2020 Pava Pro A5
    1930ís Stradolin A5
    1913 Gibson A4
    1912 Gibson A4

  18. #37
    Registered User meado's Avatar
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    Default Re: Post MAS syndrome

    Quote Originally Posted by RustyMadd View Post
    Mostly, I kind of feel sorry for most of you. Contentment with blessings doesn't seem to be possible for many, so much that you constantly consume, seeking some meaning or victory through clever, well educated shopping.

    However, that said I must admit EXTREME jealousy for Meado's latest acquisition. Well done sir! I hope it sounds as beautiful as it looks. I am such a fan of 2pt mandos and yours is gorgeous.

    To a lesser degree, I guess I am also jealous of this group's financial freedoms. So please forgive my jealousy. At least I admit it. I live vicariously through your purchases. Without them, I would know very little about the instrument, except perhaps how to play one. Blessings
    Yes, I am fortunate to have a degree of financial freedom. But I can assure you this mandolin is being PLAYED and not just admired. But that said it was the 2 pt design and the herringbone purfling that made me pull the trigger. Itís a keeper.

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  20. #38

    Default Re: Post MAS syndrome

    ^^^This!

  21. #39
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    Default Re: Post MAS syndrome

    RustyMadd, I have a degree of financial freedom right now, as I am still working full-time, but I am looking retirement in the eye in a few years, when I will have very little financial freedom. So as I know entirely too well how to be frugal (in my younger years I was dirt-poor, had to hunt through everything to find enough change that if I used a coupon I could buy some butter so I could eat bread and butter instead of just bread till payday) but I will not be sorry I am finding instruments to enjoy in my retirement. I have worked very hard (and still do work hard) to get to this point in my life. (Also used to pick up and recycle aluminum cans along the roadside to get enough money to take a vacation, etc.) I've paid my dues.....

  22. #40
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    Default Re: Post MAS syndrome

    Quote Originally Posted by LadysSolo View Post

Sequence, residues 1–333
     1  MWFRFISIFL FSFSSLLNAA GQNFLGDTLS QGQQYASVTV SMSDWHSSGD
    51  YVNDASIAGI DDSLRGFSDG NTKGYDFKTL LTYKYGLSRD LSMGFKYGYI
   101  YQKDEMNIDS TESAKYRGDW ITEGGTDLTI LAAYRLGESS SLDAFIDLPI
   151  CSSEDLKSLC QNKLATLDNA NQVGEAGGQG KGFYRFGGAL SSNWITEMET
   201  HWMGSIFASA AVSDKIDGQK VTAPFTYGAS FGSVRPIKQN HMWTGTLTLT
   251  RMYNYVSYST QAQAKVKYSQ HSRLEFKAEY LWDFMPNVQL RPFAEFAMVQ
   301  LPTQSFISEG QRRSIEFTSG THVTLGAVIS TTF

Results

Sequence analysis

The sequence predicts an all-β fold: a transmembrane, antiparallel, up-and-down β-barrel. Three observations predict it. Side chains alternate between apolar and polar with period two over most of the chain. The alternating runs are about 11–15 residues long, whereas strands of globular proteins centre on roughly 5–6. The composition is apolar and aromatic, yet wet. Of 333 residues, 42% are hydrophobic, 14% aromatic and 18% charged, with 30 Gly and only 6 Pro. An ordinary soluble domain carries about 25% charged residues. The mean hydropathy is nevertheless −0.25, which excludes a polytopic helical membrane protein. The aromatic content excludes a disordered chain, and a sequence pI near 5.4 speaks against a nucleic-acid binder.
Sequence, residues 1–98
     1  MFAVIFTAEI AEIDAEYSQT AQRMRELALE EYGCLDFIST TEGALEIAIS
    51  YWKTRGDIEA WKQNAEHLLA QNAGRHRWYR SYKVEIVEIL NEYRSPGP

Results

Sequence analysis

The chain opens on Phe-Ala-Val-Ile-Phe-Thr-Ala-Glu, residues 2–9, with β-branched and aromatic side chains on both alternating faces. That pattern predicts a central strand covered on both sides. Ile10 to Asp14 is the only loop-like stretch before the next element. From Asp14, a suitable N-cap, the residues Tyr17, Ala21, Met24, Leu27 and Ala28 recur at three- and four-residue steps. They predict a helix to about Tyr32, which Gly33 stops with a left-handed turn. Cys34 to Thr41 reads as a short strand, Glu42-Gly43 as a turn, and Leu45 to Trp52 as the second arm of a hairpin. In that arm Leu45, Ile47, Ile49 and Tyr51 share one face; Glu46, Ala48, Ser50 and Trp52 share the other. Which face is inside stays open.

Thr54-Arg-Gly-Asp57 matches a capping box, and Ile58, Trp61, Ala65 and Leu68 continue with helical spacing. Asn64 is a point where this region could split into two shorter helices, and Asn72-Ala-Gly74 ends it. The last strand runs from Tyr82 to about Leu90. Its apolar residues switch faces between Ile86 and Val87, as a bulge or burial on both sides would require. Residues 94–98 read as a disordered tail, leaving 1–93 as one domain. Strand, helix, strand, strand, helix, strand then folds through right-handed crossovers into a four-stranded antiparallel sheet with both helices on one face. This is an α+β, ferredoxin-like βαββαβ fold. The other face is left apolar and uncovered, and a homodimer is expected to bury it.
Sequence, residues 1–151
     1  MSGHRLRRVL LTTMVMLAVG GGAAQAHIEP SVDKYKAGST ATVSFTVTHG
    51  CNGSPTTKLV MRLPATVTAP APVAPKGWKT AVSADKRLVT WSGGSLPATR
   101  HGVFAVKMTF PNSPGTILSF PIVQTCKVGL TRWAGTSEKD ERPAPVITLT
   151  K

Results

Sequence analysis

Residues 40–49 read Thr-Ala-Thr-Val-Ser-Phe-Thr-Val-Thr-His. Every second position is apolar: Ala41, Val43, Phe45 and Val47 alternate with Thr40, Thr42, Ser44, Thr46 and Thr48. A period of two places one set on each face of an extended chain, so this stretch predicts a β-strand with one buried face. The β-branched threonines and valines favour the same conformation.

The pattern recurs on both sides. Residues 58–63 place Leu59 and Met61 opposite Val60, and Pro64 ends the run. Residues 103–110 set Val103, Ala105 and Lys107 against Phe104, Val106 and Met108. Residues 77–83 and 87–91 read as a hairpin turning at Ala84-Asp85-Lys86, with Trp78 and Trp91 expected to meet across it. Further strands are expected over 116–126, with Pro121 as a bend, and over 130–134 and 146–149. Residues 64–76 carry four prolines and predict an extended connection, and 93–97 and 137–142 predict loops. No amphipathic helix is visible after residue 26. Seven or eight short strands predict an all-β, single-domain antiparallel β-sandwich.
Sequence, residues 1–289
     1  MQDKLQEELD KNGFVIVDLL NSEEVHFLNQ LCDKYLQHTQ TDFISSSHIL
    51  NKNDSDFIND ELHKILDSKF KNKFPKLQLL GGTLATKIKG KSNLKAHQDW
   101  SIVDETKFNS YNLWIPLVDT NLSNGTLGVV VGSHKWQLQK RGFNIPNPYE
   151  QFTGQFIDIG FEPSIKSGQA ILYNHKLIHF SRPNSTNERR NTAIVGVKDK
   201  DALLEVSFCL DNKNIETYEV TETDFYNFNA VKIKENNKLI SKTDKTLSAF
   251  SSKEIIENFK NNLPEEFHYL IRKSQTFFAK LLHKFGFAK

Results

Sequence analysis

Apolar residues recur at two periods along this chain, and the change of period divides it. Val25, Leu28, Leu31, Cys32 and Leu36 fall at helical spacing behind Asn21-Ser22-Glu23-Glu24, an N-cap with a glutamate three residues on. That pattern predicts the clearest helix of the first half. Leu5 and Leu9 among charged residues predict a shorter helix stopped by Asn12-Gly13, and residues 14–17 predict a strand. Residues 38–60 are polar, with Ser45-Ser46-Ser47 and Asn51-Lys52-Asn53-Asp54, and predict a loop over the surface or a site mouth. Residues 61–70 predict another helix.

RustyMadd, I have a degree of financial freedom right now, as I am still working full-time, but I am looking retirement in the eye in a few years, when I will have very little financial freedom. So as I know entirely too well how to be frugal (in my younger years I was dirt-poor, had to hunt through everything to find enough change that if I used a coupon I could buy some butter so I could eat bread and butter instead of just bread till payday) but I will not be sorry I am finding instruments to enjoy in my retirement. I have worked very hard (and still do work hard) to get to this point in my life. (Also used to pick up and recycle aluminum cans along the roadside to get enough money to take a vacation, etc.) I've paid my dues.....
    I really kind of blew my tongue-in-cheek remark and just suffice it to say that I won't be attempting gentle harassment as sarcasm in the future. The last thing on Earth I want is to come off to all of you as some judgmental Bozo.

    I do so appreciate the expertise shared on this board and my world is a better place for your generosity in sharing your experiences.
    Please forgive my feeble attempt at ribbing all of you. Sincerely RM

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  24. #41

    Default Re: Post MAS syndrome

    I am guilty of this. You can't see your tongue or your cheek in text. I hate to add imogies as it kind of ruins the effect. But I have learned that if you say something like I'm so mad I could smother puppies, someone will believe you actually would. Verbally you can inflect irony and sarcasm, but text is dicey.

    But I do agree, no one should have nice mandolins but me.
    Silverangel A
    Arches F style kit
    1913 Gibson A-1

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  26. #42
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    Default Re: Post MAS syndrome

    It being Thanksgiving weekend, I am quite thankful for the instruments I have. They are all very good and different enough to keep things interesting. When asked which one I like best I say I'm a bit like the late Hugh Hefner, which ever one is in my hands ;-).